• Kckick

    I think there is a responsibility for artists to be conscious of self indulgence onstage. I’m a high school drama teacher and as a college theatre student, I often felt like an outsider in my own field of study. We do not need live twitter feeds during a production to engage the audience. Yes, perhaps a student production of O’Neil is not the best introduction but maybe it was just poorly done. And although we should always take our work seriously, if we hail the production as an altar to our own need for artistic fulfillment, we will inevitably ostracize those outside of our own artistic circle.
    What social media has done is broken down barriers to authentic response, so much so that today’s theatre goers do not understand the old rules of decorum for an audience and perhaps we need to start the conversation during the show, not after it.

    • David Dudley

      Kchick, thanks for the comment. I don’t know that we should leap to conclusions about integrating technology and social media into the theatre. Many artists are now finding exciting, innovative ways to employ these storytelling tools. (And, trust me, I’m not an advocate of social media.)

      But I don’t think that social media is the problem here per se. While it has changed our culture to an extent yet to be determined, it’s not the primary reason most young people don’t know the rules of theatre. They don’t know theatre because they are either a) not exposed to it at all, or b) they are exposed only to their instructor’s personal favorites – which may not land at all.

      These long-time favorites are not without merit. But it’s kind of like buying a gift for someone you love, and, instead of buying a personalized gift for that person, you buy something that you yourself want.

      Another trend that occurs is that some theatre people refuse, for various reason, to read new works. At least in part, this is why there are more new works being written for the stage than ever before, yet we see the same stuff produced over and again. (Of course there’s the question of quality, but if one’s got Eurpides on the brain, will they give Aaron Posner any real consideration?)

      I teach theatre to undergrads and, though I refer to Oedipus Rex and Ajax often, I don’t feel the need to make them read those plays just yet. I’d introduce them to Tina Satter, or Tarell Alvin McCraney, or the Neo-Futurists. Let them find their footing in the things being written about the world that they live in and know, and then challenge them to go back in time to see where these things came from.

      If they make that leap, then we may count them among our future audiences, and, in some cases, the next generation of theatre artists; If they don’t, at least I’ve hooked them for the semester.

      Thus the article is meant to get people to think about the audiences we want to bring into the theatre. A live twitter feed – though aesthetically problematic – may very well be an effective entry point for a group of people that will go on to view King Lear as the greatest play ever written. It’s about letting them in so that they can make up their own minds.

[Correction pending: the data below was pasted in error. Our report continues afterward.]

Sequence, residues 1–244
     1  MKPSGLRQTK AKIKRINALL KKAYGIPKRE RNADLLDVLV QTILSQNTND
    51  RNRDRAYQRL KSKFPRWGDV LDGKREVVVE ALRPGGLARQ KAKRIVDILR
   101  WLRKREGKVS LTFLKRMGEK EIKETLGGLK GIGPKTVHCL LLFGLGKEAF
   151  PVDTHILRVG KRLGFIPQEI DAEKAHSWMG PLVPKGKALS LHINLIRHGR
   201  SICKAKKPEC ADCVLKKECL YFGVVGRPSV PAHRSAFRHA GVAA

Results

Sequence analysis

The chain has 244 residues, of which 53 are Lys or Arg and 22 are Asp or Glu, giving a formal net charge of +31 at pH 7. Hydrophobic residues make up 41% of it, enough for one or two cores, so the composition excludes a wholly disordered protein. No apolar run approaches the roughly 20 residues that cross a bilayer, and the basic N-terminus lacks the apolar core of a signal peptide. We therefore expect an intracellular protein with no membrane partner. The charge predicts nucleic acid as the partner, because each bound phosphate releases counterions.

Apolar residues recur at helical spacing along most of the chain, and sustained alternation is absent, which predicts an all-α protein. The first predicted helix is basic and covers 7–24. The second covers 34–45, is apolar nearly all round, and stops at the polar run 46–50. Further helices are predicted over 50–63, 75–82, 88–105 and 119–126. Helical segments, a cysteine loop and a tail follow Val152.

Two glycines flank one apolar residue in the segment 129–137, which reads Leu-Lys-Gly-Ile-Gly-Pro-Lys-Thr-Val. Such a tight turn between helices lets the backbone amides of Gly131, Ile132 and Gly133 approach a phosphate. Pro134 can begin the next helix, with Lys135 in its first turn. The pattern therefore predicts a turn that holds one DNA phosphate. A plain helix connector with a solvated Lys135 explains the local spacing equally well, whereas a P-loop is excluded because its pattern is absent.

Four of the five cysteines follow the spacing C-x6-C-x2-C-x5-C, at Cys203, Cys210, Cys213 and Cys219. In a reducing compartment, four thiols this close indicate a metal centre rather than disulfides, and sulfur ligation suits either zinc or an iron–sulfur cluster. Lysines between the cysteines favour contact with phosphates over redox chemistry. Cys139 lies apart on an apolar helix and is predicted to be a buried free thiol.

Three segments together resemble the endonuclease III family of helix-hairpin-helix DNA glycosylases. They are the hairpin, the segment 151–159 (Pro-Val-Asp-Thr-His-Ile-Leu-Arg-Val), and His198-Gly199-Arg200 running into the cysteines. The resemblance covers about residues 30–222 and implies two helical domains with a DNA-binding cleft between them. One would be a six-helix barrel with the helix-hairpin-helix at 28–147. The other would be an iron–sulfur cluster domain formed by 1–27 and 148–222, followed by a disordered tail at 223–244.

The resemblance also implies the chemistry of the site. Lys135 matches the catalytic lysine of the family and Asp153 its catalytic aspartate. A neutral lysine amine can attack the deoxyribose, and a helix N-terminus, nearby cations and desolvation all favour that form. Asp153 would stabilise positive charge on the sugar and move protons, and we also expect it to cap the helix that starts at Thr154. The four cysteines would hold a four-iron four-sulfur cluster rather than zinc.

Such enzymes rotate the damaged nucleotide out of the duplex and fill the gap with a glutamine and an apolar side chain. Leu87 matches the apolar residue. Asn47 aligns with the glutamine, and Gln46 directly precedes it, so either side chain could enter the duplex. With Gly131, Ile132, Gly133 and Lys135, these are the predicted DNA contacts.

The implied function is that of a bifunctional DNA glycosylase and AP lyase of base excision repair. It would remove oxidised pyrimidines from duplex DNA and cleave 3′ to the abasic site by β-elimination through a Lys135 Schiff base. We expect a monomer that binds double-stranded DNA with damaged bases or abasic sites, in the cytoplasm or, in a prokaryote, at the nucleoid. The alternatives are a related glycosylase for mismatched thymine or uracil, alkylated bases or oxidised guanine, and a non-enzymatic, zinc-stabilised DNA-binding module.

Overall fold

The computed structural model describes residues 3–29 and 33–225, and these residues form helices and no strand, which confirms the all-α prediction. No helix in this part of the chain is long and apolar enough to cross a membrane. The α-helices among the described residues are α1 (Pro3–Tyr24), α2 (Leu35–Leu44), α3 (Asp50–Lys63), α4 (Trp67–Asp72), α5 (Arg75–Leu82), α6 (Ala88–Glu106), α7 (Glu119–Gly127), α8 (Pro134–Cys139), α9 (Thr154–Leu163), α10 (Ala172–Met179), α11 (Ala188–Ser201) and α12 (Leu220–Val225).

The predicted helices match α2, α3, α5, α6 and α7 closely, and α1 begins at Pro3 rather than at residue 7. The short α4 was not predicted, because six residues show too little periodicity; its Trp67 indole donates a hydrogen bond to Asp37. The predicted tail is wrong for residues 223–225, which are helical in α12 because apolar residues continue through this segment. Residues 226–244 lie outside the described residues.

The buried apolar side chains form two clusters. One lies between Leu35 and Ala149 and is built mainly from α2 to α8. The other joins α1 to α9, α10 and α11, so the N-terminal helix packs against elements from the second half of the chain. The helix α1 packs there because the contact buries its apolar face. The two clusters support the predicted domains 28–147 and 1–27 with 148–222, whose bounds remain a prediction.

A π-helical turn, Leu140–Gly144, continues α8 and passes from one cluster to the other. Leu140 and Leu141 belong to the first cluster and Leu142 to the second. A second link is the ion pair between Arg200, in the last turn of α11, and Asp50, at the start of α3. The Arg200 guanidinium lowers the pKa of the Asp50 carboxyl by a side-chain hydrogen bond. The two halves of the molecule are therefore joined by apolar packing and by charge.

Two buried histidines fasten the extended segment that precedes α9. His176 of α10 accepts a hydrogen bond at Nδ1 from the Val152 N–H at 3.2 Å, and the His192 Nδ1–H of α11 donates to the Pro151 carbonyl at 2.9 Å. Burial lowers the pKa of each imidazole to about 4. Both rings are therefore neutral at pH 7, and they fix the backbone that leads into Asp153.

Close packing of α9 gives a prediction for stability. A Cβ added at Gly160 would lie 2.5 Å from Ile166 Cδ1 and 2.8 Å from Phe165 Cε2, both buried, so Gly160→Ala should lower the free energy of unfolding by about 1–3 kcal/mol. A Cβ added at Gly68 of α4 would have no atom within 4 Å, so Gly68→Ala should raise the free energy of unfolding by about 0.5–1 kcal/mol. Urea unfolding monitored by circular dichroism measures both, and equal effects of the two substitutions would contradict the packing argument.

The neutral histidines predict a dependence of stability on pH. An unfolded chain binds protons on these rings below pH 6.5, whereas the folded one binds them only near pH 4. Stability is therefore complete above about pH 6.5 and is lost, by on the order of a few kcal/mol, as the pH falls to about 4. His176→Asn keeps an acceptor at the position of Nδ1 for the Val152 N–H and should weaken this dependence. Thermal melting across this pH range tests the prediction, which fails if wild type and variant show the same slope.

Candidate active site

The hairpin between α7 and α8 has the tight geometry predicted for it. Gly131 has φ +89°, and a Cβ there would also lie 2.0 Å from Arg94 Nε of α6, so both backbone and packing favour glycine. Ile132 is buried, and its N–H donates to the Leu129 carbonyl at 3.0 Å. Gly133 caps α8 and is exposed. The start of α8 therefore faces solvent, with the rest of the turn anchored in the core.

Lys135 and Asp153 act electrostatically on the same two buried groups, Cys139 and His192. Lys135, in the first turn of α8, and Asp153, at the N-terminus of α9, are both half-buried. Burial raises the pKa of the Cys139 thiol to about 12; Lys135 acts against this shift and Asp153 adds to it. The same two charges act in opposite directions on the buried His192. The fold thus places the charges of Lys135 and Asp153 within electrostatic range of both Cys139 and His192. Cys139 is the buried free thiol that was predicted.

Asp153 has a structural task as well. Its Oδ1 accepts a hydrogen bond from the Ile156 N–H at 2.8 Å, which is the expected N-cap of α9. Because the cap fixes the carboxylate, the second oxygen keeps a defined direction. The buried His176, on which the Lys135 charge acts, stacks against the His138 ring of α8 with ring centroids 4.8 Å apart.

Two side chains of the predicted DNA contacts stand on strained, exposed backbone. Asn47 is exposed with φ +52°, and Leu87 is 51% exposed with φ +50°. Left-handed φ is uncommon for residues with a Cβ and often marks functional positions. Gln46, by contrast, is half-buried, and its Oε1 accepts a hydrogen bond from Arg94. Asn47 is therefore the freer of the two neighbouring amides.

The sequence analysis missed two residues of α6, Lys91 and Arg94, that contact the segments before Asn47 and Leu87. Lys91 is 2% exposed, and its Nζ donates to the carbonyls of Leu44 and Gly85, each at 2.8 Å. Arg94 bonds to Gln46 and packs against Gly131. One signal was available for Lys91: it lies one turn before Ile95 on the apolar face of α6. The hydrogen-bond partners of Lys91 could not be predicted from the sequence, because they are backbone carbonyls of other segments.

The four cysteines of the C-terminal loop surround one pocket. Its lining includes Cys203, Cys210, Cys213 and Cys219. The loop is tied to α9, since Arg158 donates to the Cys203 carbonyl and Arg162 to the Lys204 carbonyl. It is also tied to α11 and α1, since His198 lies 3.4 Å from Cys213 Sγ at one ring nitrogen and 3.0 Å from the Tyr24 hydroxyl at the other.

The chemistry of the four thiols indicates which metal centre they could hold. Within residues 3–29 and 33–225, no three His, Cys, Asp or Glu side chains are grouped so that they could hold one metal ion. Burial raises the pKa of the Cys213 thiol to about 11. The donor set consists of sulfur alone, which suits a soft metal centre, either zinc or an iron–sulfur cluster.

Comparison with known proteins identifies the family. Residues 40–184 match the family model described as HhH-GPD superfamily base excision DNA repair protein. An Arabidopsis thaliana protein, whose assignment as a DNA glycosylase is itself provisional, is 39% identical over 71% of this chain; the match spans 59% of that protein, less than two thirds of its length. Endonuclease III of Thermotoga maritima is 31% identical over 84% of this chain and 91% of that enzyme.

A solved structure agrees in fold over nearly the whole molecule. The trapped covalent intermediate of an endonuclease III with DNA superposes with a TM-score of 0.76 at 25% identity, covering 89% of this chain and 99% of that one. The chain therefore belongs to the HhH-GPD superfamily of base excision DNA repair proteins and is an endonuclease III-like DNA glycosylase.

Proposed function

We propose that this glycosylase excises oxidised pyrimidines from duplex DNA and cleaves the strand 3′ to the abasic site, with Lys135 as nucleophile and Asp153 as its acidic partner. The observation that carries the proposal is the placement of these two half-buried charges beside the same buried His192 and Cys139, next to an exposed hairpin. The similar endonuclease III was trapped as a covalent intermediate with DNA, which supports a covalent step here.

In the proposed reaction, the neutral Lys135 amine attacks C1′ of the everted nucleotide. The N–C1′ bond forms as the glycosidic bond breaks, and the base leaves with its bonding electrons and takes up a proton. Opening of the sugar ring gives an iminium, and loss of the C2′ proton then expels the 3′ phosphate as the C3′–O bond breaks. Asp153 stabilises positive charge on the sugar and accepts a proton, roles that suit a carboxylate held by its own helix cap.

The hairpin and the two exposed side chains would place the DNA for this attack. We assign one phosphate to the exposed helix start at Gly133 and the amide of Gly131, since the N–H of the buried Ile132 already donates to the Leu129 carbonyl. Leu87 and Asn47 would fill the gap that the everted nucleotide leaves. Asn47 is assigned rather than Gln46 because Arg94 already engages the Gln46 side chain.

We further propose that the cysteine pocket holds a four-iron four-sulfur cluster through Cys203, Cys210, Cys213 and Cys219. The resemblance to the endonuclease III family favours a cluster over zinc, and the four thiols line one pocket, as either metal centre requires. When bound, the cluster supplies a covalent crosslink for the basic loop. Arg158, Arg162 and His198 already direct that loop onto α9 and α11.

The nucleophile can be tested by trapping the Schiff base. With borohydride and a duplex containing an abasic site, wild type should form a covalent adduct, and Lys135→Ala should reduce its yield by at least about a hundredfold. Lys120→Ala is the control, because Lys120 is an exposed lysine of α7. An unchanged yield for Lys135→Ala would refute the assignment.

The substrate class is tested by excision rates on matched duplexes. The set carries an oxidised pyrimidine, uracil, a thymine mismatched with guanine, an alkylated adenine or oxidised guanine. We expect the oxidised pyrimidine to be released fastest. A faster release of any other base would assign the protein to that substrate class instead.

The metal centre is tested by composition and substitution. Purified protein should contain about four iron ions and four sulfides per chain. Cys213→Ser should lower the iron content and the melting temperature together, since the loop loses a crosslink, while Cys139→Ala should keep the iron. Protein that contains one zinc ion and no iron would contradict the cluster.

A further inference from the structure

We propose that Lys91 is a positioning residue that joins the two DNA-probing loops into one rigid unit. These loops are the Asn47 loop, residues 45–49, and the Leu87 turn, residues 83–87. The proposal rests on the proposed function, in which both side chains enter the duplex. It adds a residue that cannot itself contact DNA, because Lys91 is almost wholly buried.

• M_B_W

    I teach high school theatre and I wrestle with this all the time because I think it’s so important for students to have positive early experiences with theatre.

    I DO require my students to attend shows because many of them have limited (if any) experience attending live theatre…and it makes the concepts easier to grasp & discuss if they have seen a show.

    AND/BUT I have many students who take theatre simply because they need a fine arts credit, not necessarily because they have a particular interest in theatre.

    I DO give them choice about what shows they see…they are allowed to see any performance of their choosing (as long as they provide some kind of proof that they attended. Many of them choose to see the shows we produce at school simply out of convenience. I do, however, actively encourage them to see a show that they think they might actually be interested in. In reality, though, many of them don’t put in the time to seek out a show on their own.

    But I agree, we have to give kids some agency to choose and we have to give them permission to honestly express how they felt about a performance.

    The trick is balancing educational needs (the need to be exposed to major/important works of theatre, for example) with the need to expose them to forms of theatre that are engaging and relevant.

    I think part of the key, as this article wisely points out, is doing thing to prep the students for the experience (rather than dumping them into an O’Neill or Chekhov performance with no prep)

    • MWnyc

      Indeed. As good a discussion as this article gives generally, I think the lesson about the incident David describes at the beginning is “Don’t make undergrads in this day and age sit through O’Neill.” I think they could get Shakespeare and even Chekhov (who can be quite funny) or Moliere if the production and performances are good. But Eugene O’Neill’s work has not aged well, even for a lot of jaded grown-ups, I’m afraid.

      • David Dudley